A dramatic election comeback for Benjamin Netanyahu gives the Israeli leader a fourth term in office - but also signals an apparent lurch to the right and a renewed focus on security. Is Israel a better bet today than it was yesterday? David Pollard reports.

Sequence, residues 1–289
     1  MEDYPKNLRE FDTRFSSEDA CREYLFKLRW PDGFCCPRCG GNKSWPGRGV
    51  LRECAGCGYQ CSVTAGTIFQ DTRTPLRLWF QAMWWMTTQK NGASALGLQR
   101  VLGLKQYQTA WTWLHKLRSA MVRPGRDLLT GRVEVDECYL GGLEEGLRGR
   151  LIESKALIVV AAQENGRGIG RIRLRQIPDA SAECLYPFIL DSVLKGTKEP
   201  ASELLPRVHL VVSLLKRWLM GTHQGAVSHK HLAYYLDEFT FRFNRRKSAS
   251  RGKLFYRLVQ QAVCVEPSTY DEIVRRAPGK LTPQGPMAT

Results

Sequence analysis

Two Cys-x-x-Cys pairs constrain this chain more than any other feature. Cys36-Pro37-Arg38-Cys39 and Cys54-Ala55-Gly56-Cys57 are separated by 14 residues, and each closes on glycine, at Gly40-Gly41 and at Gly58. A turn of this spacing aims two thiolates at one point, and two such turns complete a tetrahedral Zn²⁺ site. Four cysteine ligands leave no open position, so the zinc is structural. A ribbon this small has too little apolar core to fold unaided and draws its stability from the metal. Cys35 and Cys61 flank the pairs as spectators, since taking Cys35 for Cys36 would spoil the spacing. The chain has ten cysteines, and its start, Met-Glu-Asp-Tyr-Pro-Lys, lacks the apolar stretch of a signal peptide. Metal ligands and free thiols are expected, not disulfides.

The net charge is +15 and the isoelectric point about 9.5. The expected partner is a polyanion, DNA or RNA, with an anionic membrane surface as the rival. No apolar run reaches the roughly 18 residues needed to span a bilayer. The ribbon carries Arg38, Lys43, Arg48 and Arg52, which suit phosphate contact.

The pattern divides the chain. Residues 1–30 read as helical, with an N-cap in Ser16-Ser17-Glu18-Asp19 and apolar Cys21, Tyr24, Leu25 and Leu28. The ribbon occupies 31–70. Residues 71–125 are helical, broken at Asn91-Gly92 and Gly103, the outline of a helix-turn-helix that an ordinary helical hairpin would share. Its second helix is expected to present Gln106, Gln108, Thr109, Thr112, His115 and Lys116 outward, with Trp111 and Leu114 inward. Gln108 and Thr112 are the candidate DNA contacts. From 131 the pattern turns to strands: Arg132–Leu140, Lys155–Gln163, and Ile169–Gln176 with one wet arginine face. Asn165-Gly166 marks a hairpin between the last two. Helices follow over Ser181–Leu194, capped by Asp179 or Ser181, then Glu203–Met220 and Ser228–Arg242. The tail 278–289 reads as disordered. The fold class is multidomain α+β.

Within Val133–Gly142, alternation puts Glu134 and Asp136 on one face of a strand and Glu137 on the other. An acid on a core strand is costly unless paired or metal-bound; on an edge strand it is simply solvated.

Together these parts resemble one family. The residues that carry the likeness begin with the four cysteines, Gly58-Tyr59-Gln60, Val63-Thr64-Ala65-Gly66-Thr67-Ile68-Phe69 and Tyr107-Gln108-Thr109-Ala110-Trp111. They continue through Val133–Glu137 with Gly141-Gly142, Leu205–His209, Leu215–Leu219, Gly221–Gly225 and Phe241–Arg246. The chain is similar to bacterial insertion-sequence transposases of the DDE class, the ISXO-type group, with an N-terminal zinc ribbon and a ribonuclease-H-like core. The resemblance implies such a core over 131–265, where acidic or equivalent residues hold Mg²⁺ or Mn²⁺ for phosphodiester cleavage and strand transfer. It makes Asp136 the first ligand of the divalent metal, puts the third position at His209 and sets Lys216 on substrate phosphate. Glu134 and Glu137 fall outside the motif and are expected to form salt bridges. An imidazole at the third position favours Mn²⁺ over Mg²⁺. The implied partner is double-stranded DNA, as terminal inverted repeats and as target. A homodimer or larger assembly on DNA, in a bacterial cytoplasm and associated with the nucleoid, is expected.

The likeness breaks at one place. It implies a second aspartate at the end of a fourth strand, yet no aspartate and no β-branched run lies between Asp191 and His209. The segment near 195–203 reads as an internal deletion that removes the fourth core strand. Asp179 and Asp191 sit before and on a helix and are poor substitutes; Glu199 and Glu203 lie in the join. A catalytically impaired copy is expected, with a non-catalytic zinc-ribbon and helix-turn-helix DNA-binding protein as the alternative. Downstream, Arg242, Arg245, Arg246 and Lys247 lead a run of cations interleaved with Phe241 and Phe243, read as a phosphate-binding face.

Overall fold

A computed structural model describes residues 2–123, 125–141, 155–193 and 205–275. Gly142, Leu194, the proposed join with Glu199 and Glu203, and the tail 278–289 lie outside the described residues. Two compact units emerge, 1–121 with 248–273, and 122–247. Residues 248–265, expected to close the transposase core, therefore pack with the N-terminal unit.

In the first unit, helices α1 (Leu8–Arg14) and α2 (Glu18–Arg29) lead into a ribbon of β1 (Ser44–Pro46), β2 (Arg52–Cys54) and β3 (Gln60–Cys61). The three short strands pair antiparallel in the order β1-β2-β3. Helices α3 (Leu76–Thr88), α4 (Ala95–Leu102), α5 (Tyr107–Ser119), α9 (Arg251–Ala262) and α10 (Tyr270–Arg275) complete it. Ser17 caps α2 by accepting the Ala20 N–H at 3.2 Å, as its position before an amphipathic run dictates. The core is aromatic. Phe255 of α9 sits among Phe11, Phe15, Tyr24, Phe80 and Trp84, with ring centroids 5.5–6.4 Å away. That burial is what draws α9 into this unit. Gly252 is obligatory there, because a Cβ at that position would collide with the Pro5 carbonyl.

A new dawn over Israel. Hardly a new leader. Benjamin Netanyahu confounding opinion polls - with a last-minute comeback. SOUNDBITE (Hebrew) ISRAELI PRIME MINISTER BENJAMIN NETANYAHU SAYING: "I appreciate the decision by Israel's citizens to elect me and my friends, against all odds and in the face of powerful forces, and I will do everything I can to care for the security and welfare of all Israelis". Netanyahu may now go down in history as only the second Israeli leader to hold a fourth term in office. The result isn't likely to go down well in Washington or Brussels. His strong lurch to the right over the past few days renewed a flagging campaign - but played on old fears over security. Defying Western policy ambitions with strong rhetoric against a Palestinian state - and Iran. Berenberg's Christian Schulz. SOUNDBITE (English) CHRISTIAN SCHULZ, SENIOR ECONOMIST, BERENBERG BANK, SAYING: '' What impact is this government with its renewed mandate going to have on these relationships between Iran and the US and the first indications are that it's likely to have a negative impact, so in that sense it's not good news.'' Netanyahu's focus is less clear when it comes to the economy. The cost of living and housing two issues tipped to bring victory to opposition parties. Critics accusing Netanyahu's Likud bloc of an an unyielding approach to social issues. Israeli expert, Professor Yossi Mekelberg of Regent's University. SOUNDBITE (English) PROFESSOR YOSSI MEKELBERG, REGENT'S UNIVERSITY, SAYING: ''The big question: does he really care? Under his leadership, poverty increased tremendously, more and more children live under poverty, and he plays Mr Security around the world. But at the end of the day, people really care about it.'' But Netanyahu must now seek coalition partners. And this man is seen as king-maker. Moshe Kahlon, leader of the centre-left Kulanu party, is a possible finance minister in a new cabinet. And, says Mekelberg, could bring 'social sensitivities' with him. SOUNDBITE (English) PROFESSOR YOSSI MEKELBERG, REGENT'S UNIVERSITY, SAYING: ''He has to compromise with him and maybe with Kulanu in the party, with Kahlon in the finance ministry, there will be adjustment, very necessary adjustment.'' That's in the future. Now, as is the tradition, Israel prepares for an intense round of political horse-trading to form a new government. A process that could take weeks to complete.